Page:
Anbalagan Rugali

  • Region


  • Varietal

    Red Bourbon

  • Elevation

    1450-1800 masl

  • Farm/ Producer

    Various Smallholders

  • Process


 The journey of this coffee starts at the smallholder farmers who live in the village, growing the variety red bourbon on small plots of land. The coffee is picked by hand once reaching a rich burgundy colour, an indicator of a good amount of ripeness, and then delivered to the washing station. The land is vibrant, full of life, with good biodiversity. The altitude is suitable for the production of exceptional quality coffee, delivering hot days and cooler nights which slow the maturation of the coffee cherry.

The farmers who deliver their cherry to Rugali are paid a consistently higher price, no matter how the commodity coffee price fluctuates – allowing a fair and equitable return of value to the producers. The processing at the washing station is top-notch as well, with multiple stages of hand sorting both before and after the washing process, lending clean and crisp flavours and uniform ripeness to the coffee, as well as reducing the incidences of the notorious Rwandan “potato” defect. The coffee is dried on raised beds, allowing the maximum amount of airflow and sunlight for consistent drying. Once dried to a moisture level of 10-11%, the beans are packed into jute bags for shipping to the dry mill. The dry milling process removes the papery protective layer around the green beans, to allow the coffee to be exported ready to roast.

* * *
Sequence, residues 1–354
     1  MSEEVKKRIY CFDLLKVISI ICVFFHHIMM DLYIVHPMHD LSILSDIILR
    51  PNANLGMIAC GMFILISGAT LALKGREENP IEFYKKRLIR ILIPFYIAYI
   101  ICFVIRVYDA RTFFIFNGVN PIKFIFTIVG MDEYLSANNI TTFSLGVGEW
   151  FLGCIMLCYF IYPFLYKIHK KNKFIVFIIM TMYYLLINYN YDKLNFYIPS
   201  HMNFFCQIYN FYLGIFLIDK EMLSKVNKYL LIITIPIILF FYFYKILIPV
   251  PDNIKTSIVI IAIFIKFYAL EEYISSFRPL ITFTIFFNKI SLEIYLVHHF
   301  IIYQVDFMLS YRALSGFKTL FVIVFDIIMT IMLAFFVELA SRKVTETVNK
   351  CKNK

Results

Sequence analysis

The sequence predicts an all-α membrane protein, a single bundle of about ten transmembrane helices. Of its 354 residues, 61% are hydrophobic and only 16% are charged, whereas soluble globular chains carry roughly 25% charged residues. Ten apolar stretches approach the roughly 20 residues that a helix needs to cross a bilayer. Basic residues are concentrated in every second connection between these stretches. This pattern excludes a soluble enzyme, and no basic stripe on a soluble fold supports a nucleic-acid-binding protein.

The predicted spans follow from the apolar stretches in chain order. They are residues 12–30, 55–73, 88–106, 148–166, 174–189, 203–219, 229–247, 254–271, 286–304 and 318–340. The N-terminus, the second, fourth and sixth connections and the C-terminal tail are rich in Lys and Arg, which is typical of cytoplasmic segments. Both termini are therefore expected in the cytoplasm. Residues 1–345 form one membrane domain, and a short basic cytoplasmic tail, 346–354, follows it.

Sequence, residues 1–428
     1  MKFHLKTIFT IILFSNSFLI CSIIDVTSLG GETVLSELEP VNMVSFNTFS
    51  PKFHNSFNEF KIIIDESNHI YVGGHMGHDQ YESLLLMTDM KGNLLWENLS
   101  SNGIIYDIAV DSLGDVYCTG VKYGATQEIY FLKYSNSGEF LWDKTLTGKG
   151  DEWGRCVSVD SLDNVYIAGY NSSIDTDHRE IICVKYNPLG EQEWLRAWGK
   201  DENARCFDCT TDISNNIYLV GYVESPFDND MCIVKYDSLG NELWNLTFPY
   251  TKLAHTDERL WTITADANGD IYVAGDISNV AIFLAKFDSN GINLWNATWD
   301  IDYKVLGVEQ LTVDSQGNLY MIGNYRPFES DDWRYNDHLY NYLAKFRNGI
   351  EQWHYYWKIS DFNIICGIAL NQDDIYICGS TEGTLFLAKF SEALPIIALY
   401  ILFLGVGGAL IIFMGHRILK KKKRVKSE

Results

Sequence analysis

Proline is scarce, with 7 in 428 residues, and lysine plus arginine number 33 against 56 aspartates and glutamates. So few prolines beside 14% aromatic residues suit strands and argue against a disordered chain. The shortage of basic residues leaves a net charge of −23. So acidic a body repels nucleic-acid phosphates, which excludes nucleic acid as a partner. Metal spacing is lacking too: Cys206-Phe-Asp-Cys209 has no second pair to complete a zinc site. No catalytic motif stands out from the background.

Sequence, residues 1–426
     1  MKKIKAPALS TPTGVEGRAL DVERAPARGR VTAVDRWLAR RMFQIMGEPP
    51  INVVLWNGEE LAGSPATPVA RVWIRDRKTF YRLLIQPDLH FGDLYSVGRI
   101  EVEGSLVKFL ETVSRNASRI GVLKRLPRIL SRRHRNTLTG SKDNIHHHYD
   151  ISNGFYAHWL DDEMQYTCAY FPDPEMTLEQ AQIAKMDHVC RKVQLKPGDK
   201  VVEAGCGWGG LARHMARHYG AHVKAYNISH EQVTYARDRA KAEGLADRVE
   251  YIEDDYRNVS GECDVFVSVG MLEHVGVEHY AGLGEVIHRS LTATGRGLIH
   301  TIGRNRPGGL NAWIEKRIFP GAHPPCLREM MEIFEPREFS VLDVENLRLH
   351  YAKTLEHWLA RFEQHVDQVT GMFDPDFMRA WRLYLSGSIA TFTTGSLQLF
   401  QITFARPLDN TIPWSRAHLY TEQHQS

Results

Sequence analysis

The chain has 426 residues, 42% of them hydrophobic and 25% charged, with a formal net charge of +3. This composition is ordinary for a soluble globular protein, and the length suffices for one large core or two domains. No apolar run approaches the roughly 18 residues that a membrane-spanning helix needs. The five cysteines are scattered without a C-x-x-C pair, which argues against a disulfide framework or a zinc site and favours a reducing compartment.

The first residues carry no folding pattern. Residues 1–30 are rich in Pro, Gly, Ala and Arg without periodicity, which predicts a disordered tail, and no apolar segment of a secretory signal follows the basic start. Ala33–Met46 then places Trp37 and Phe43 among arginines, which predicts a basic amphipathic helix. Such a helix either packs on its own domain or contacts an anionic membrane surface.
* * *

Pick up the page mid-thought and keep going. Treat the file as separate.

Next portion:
At the end of the process, the green beans are sorted a final time – first by a colour sorter, a machine that can remove defective off-colour beans with blistering speed, and then by screen size. This is accomplished using a machine that uses multiple stacked trays with uniform circular holes, each tray having a decreasing width of hole.

Using screen size sorting, the green beans are separated out into uniform diameter and also sorted by density. There is a surprisingly variance in the tastes across different sizes – the classic example is the Kenyan system of AA, AB, PB! Separating the different grades by screen size allows the coffee to be priced appropriately for its quality, the separation of unique flavours, allows roasteries to roast consistently as the green coffee will behave more uniformly, as well as the removal of small/underripe or chipped beans prior to sale.




This lot is screen size 13/14 – relatively small sized beans (no larger or smaller than 5.5-5.25mm), we have found them to be incredibly dense and concentrated, and carrying a zingy acidity that we thought perfect to purchase as an espresso lot. We’ve found it a joy profiling this coffee for espresso – perfect as a long black, flat white or iced latte.
Our starting recipe is 18g, 42g out, 33s – a longer shot allowing the zesty flavour to shine. Experiment with ratios up to 1:3 – this coffee responds well to playful brewing